The findings are presented in five models (A to E) in Table 2. The first and second models (standard LC and standard MM model) consider the full attributes attendance (FAA).

It should be noted that normal distributions were assumed for all the considered random parameters. The number of classes was selected based on goodness of fit of Akaike information criterion (AIC). For model C, for instance, although fixed parameters are assumed for all the variables, they were allowed for ANA and ACMA. AIC value was used for determining the number of Q, and as a comparison across various models [10]. As can be seen from Table 2, the AIC is lowest for model E (log-likelihood of −3962). The following paragraphs elaborate on the considered models.

While the first and second models, LC and MM, assume the full attributes attendance (FAA), the other model incorporates a combination of FAA, ANA, and ACMA. For instance, the third model sets constraints on variables such as sunny and day of a week for the first class and driver seat belt status vehicle registration for the second class.

A choice of variables to be incorporated in ANA and ACMA were identified by evaluation attributes one at a time for ANA or ACMA. After identifying variables for both attribute processing rules, they were aggregated and considered in the included models. One of the challenges being observed was for the MM model, especially while considering for more than two classes, due to lack of convergence.

Another point worthy of investigation is which variables to include for ACMA. In the literature review, most variables that belong to the similar category were considered to be incorporated in ACMA. Those include variables, for instance, related to cost or time. These variables mainly have consistent impacts (signs) on the response. Although various predictors were considered to be included for ACMA, they did not result in a model enhancement and were not justifiable to be used due to lack of interpretation, e.g., driver belt status and vehicle license registration.

Two variables related to time (11:30–1:30 and 1:30–3:30) were found to be a better fit in models. However, as can be seen from all the included models in Table 2, these two variables have opposite signs/directions. Solutions could be proposed including changing the category coding of the variables, ignoring the differences across the signs, or constraining based on their opposite signs. Just to highlight the importance of constraining the variables with various signs, model D (for MM) and model E were proposed.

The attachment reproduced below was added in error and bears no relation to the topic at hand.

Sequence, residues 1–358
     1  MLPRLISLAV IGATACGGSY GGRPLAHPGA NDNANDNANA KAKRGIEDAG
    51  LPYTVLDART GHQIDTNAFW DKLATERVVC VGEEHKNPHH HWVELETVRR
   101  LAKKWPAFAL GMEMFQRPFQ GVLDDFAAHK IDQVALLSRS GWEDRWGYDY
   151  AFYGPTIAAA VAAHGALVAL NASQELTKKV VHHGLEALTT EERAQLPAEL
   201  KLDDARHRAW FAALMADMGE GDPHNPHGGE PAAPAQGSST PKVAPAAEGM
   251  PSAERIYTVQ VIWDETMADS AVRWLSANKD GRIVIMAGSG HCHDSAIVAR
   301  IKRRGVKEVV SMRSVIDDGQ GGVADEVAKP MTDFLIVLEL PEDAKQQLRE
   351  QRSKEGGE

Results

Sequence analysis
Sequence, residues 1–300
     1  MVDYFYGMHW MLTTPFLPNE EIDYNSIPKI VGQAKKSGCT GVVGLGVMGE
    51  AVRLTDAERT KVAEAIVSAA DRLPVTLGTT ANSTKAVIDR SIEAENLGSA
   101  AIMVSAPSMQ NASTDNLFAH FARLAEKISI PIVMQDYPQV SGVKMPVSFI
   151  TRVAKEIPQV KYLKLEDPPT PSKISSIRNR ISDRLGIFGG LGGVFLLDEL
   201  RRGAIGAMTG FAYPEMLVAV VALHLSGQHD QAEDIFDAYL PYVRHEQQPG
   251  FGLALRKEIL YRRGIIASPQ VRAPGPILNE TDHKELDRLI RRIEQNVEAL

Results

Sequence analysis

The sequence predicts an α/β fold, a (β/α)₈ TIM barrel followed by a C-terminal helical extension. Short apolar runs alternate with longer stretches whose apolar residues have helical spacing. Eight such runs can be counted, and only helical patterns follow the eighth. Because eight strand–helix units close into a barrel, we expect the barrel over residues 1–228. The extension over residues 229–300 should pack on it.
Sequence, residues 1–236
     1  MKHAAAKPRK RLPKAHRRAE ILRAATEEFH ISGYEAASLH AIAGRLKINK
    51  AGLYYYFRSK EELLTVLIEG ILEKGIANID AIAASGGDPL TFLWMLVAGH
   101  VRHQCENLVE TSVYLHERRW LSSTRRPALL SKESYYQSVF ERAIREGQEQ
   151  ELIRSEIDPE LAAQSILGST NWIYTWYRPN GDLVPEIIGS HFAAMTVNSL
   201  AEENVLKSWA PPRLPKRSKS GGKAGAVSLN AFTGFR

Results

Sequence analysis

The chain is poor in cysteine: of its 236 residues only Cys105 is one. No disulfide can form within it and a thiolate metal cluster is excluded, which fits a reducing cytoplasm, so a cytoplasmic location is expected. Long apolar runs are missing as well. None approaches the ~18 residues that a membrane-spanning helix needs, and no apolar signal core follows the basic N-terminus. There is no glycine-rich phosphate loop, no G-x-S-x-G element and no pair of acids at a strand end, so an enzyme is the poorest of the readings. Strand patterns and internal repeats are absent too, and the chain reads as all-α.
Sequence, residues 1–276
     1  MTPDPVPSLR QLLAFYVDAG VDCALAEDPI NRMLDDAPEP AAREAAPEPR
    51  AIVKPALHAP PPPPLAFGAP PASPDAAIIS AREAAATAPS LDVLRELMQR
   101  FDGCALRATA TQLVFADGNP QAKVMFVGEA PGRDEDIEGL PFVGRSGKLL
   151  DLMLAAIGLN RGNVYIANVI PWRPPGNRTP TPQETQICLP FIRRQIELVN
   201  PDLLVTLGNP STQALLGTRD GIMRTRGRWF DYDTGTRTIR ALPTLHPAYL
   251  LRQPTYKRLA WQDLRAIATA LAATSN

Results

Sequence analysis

First, it can be observed that a worst fit model could be observed for the LC model, with no extra layer of heterogeneity, and no ANA and ACMA. An improvement could be observed by including another layer with continuous distribution in the MM model (model B), 7959 for LC versus 7954. Moving to the models with attribute processing rules, ANA and ACMA consideration, although a small amount of improvement could be observed for standard latent class versus the latent class with ANA and ACMA (7959 for a standard latent class versus 7958 for the mixed-mixed model), a model is deteriorated moving from a standard MM to MM model with ANA and ACMA (with a wrong ACMA specification). However, as discussed, for the MM model in D, the parameters were assumed to have similar signs. Model E is presented in which the reverse signs were considered while constraining the parameters. That is a best fit model compared with the other considered models. Although the same approach for the latent class model is not presented in Table 2, it was observed that the AIC was improved for the latent class with reverse signs for ACMA (AIC = 7952), compared with the included model (AIC = 7958).

It is also worth looking at the class membership across the considered models. Class memberships are only significant for ACMA with a wrong approach (models C and D). Additionally, it is worth discussing that while the improvement in model fit for models with ACMA and ANA compared with no attributes processing rules was minor, the differences across the class membership share are hugely different. Consider the standard latent class and the MM models. For those models there is almost equal spread of membership across the two classes. However, moving to the models with wrong specification of ACMA, it can be observed that spread is hugely imbalanced. Finally, the difference between a best fit model considering ANA and ACMA, and all other models is very large.

In summary, the results indicated that the right application of ANA and ACMA attribute processing rules result in an overall improvement in the models’ fits. Additionally, it was found that although incorporation of an extra layer of random parameters would not result in a significant enhancement of the model, significant changes could be observed for class shares. This result to some extent was confirmed with the previous studies (see [14]). The results highlight that even in light of ANA and ACMA while using the LC model, an extra layer for taste heterogeneity for improving the performance is still required. It is also worth discussing that the MM models, especially considering ANA and ACMA estimation, took hours, and they faced convergence issue many times.